}

.. But "static" class variables must be declared like this:

class A
	{
	public:
	static int i; // this is a promise, that somewhere, you will allocate one of these
	};

int A::i = 42; // this is where you allocate (make space for) the static variable

void main()
	{
	A::i = 900; // you can use it anywhere, but it must be allocated outside all functions.
	}

You must allocate all static variables outside the body of the class, but in the same scope as the class itself.

.. And, what is scope?

// in C++, braces begin and end "Scope", or, neighborhood.
// ALL VARIABLES ARE DECLARED INSIDE SOME SCOPE

// a class has braces.. and thus defines a scope:
class A
	{
	public:
	static int c; // this 'c' is only for class A.
	};

// '::' is called "scope resolution operator"
int A::c= 42; // means, allocate 'c' in class A's scope

void main()
	{
		// here is one scope...
		{
		int c= 47; // this has nothing to do with class A
		}

		// .. and here is another one:
		{
		int c= 99; // same thing..
		} // when this brace closes, the 'c' declared inside just disappears!

		// now use something from class A::
		A::c= 0xf00;  // fine!  this is a third scope.
	}

Your first attempt tried to allocate the variable inside another function scope, that is, the main program's code block:

#include <iostream>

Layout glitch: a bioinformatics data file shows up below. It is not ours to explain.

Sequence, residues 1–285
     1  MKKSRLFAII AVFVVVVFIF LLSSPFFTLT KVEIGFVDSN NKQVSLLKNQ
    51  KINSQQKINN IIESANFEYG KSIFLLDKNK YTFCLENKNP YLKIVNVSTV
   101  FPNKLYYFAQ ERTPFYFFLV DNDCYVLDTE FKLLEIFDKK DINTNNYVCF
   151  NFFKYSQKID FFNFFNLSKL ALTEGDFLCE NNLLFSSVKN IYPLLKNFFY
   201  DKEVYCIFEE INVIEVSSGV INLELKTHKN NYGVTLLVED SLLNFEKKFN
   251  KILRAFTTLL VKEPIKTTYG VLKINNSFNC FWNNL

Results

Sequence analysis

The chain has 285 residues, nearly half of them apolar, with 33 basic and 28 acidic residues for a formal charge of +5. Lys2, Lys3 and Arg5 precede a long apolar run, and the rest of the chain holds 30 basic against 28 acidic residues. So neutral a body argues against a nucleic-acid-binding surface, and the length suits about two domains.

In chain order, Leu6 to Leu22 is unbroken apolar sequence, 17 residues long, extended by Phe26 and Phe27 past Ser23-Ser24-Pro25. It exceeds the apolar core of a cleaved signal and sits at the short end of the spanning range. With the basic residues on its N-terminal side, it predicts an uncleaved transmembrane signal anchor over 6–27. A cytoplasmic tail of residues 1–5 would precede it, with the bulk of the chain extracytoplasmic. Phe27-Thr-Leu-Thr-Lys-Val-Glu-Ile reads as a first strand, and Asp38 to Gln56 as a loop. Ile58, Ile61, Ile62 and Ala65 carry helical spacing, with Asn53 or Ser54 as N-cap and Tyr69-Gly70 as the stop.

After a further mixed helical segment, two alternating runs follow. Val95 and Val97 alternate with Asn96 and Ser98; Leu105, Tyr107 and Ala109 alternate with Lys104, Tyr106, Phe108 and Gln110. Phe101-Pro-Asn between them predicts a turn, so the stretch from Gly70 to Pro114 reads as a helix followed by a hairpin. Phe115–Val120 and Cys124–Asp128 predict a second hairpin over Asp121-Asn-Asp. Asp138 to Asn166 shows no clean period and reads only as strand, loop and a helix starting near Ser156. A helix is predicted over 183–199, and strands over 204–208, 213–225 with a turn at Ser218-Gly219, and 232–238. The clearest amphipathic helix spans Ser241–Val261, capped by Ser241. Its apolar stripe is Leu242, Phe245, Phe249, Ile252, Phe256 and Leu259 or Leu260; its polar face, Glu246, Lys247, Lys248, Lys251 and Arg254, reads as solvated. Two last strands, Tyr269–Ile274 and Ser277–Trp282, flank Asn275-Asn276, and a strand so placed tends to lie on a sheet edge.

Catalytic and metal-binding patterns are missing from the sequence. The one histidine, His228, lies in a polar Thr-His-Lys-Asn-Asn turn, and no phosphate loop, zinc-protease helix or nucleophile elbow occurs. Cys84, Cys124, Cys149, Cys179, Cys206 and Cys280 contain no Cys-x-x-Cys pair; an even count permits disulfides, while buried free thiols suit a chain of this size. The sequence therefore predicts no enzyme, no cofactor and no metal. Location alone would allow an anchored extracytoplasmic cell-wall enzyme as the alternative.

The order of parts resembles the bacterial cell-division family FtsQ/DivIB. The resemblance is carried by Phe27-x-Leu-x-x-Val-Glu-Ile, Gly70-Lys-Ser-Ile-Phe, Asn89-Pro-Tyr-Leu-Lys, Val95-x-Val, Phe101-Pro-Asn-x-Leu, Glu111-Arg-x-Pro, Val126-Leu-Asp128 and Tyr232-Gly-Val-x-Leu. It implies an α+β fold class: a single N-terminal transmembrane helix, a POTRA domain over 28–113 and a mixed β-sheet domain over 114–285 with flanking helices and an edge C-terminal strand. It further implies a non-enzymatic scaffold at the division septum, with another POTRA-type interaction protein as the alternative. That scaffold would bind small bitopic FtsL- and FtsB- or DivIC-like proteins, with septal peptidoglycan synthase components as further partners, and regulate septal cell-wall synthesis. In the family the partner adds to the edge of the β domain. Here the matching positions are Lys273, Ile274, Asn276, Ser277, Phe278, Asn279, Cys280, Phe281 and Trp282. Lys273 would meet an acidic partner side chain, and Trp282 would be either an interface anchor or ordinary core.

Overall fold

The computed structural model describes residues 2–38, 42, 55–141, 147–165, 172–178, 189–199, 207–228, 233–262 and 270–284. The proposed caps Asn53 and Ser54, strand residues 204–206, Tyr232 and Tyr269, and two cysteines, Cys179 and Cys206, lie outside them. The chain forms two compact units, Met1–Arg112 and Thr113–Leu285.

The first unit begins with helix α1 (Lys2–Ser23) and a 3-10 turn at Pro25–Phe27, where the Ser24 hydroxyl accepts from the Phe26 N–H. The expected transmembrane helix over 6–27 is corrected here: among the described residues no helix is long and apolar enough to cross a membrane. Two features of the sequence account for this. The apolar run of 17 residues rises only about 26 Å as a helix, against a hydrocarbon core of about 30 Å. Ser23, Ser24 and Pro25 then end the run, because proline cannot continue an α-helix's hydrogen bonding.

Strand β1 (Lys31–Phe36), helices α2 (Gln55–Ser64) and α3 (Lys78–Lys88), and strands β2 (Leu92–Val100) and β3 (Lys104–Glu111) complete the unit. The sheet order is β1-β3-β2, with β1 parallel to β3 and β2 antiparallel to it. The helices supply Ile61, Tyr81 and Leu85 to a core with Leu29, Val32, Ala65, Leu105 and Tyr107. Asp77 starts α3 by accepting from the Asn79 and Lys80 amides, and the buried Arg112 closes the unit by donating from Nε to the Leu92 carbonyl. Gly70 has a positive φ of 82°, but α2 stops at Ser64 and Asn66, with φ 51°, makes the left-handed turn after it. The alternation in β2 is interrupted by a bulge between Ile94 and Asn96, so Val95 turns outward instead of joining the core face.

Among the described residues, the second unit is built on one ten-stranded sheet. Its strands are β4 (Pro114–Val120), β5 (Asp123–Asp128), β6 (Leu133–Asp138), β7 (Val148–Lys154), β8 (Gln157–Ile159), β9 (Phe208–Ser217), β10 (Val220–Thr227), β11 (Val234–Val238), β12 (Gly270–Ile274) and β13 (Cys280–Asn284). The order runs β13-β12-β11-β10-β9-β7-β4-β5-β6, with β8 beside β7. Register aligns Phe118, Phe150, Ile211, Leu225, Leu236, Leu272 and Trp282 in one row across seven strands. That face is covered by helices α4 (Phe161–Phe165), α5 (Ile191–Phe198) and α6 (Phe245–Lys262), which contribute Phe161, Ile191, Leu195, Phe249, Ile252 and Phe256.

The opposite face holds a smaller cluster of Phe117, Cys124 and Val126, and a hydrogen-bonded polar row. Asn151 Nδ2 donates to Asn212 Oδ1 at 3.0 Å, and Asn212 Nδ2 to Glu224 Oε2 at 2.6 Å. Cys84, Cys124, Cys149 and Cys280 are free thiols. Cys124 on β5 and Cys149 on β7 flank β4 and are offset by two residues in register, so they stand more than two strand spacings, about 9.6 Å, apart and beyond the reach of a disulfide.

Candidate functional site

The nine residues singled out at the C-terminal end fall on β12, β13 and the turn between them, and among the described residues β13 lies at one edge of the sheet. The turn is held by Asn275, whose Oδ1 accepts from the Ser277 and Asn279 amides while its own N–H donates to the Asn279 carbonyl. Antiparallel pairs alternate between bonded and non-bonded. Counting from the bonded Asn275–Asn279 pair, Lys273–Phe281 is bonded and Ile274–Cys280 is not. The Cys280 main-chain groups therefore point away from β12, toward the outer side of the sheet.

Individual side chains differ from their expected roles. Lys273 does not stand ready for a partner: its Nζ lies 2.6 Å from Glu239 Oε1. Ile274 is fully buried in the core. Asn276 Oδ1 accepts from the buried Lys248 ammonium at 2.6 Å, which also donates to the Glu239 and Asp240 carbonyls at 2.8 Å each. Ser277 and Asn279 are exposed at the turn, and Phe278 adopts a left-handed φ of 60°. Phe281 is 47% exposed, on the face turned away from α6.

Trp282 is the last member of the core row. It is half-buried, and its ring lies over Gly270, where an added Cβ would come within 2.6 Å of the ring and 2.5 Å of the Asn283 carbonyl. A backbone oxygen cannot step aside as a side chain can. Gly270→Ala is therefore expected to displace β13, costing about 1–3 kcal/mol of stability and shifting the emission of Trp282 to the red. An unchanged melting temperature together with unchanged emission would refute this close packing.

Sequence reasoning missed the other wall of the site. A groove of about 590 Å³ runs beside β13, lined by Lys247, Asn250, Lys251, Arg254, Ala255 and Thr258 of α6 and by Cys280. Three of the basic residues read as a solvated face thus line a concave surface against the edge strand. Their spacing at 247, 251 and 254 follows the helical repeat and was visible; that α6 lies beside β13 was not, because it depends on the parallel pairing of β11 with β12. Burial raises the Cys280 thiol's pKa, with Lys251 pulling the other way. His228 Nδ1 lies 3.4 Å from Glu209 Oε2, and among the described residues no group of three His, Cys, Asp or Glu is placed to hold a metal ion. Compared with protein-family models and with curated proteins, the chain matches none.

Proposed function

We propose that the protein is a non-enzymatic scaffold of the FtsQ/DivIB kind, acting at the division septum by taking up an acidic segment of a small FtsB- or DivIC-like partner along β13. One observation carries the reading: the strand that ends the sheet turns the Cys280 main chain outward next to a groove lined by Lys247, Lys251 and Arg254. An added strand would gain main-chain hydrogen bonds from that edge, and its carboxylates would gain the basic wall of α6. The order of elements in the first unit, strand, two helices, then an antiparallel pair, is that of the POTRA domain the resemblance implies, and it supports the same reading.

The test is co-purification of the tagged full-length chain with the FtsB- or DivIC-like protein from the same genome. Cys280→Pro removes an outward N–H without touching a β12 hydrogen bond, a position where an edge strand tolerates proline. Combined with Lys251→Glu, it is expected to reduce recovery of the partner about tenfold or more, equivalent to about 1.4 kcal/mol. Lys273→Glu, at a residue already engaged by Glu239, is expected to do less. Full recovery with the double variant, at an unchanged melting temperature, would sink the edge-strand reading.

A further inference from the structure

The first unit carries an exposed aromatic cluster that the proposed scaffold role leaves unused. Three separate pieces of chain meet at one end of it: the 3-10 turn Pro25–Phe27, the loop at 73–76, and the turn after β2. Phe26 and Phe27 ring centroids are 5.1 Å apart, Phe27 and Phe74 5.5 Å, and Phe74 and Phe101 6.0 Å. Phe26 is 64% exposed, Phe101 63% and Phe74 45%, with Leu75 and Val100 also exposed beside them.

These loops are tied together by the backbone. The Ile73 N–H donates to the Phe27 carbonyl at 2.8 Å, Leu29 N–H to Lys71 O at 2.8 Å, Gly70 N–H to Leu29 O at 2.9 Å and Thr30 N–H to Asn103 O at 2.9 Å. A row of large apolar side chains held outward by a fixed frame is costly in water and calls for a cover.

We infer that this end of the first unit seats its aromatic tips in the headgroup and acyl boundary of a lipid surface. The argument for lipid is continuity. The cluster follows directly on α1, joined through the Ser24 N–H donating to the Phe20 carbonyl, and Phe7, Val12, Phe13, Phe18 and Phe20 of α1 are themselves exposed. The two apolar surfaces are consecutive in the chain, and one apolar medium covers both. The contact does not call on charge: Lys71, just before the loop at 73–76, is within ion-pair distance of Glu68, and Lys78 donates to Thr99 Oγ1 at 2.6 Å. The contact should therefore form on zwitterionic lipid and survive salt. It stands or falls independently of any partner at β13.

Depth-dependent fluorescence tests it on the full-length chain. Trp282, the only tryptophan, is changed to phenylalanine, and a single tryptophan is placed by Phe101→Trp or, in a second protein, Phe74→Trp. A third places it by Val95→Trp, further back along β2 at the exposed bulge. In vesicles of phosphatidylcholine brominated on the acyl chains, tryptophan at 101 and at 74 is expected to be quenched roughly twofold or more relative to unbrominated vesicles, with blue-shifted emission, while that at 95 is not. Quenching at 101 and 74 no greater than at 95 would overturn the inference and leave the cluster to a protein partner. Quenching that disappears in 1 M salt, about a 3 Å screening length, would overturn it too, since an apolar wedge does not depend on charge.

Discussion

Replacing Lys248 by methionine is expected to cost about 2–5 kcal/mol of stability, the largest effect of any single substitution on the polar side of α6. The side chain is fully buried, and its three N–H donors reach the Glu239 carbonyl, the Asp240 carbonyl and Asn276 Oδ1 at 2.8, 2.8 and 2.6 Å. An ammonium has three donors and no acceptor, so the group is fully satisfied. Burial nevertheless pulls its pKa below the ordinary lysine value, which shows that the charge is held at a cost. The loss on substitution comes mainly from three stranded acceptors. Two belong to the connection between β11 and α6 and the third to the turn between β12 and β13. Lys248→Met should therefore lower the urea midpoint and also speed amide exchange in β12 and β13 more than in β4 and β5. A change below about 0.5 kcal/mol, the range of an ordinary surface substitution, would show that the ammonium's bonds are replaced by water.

class A
	{
	static std::string i[]; // here is the promise..
	};
// .. where is your actual data?

// it can't be inside a function like this:
void main() 
{
// this line gets a compiler error on my system...
std::string A::i[] = {"foo","bar"}; // wrong
}

The code above declares a static variable in class A, which must be allocated somewhere in the same neighborhood as class A, not inside another function scope.

Your second attempt also failed to move the allocation. Instead, it created a completely separate variable inside the function:

#include <iostream>
class A
	{
	static std::string i[]; // here is the promise..
	};
// .. where is your actual data? 

// now we go into a new function scope:
void main() 
{
// this declares a new, local string...
std::string i[] = {"foo","bar"}; // not in A:: scope.
} // .. main-function scope ends, and your local string disappears!

// so, the code compiles fine, with your promise, and the linker
// tries to put it all together, like a bride waiting at the altar, saying, where is he?
// (you never allocate A::i)

You must allocate all static variables outside the body of the class, but in the same scope as the class itself.

I oversimplified, a little. It's more accurate to say "static class variables need to be declared in non-local scope", but, the given explanation will work until you learn why it's slightly wrong.

This article has been dead for over six months. Start a new discussion instead.